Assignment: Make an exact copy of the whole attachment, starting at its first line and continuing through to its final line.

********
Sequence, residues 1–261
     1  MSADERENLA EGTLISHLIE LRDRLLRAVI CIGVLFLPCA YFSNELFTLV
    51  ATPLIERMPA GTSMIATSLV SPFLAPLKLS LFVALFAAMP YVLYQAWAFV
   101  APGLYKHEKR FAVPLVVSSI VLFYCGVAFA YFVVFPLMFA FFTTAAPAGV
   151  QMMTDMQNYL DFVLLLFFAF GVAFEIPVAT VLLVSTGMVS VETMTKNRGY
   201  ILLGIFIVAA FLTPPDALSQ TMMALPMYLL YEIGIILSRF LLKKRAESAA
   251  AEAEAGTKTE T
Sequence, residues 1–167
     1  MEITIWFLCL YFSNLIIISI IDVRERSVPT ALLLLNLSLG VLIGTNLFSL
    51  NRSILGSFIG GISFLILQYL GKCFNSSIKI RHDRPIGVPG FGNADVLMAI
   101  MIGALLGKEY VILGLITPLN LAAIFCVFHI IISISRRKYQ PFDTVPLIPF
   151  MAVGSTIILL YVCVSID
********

Sequence, residues 1–261
     1  MSADERENLA EGTLISHLIE LRDRLLRAVI CIGVLFLPCA YFSNELFTLV
    51  ATPLIERMPA GTSMIATSLV SPFLAPLKLS LFVALFAAMP YVLYQAWAFV
   101  APGLYKHEKR FAVPLVVSSI VLFYCGVAFA YFVVFPLMFA FFTTAAPAGV
   151  QMMTDMQNYL DFVLLLFFAF GVAFEIPVAT VLLVSTGMVS VETMTKNRGY
   201  ILLGIFIVAA FLTPPDALSQ TMMALPMYLL YEIGIILSRF LLKKRAESAA
   251  AEAEAGTKTE T
Sequence, residues 1–167
     1  MEITIWFLCL YFSNLIIISI IDVRERSVPT ALLLLNLSLG VLIGTNLFSL
    51  NRSILGSFIG GISFLILQYL GKCFNSSIKI RHDRPIGVPG FGNADVLMAI
   101  MIGALLGKEY VILGLITPLN LAAIFCVFHI IISISRRKYQ PFDTVPLIPF
   151  MAVGSTIILL YVCVSID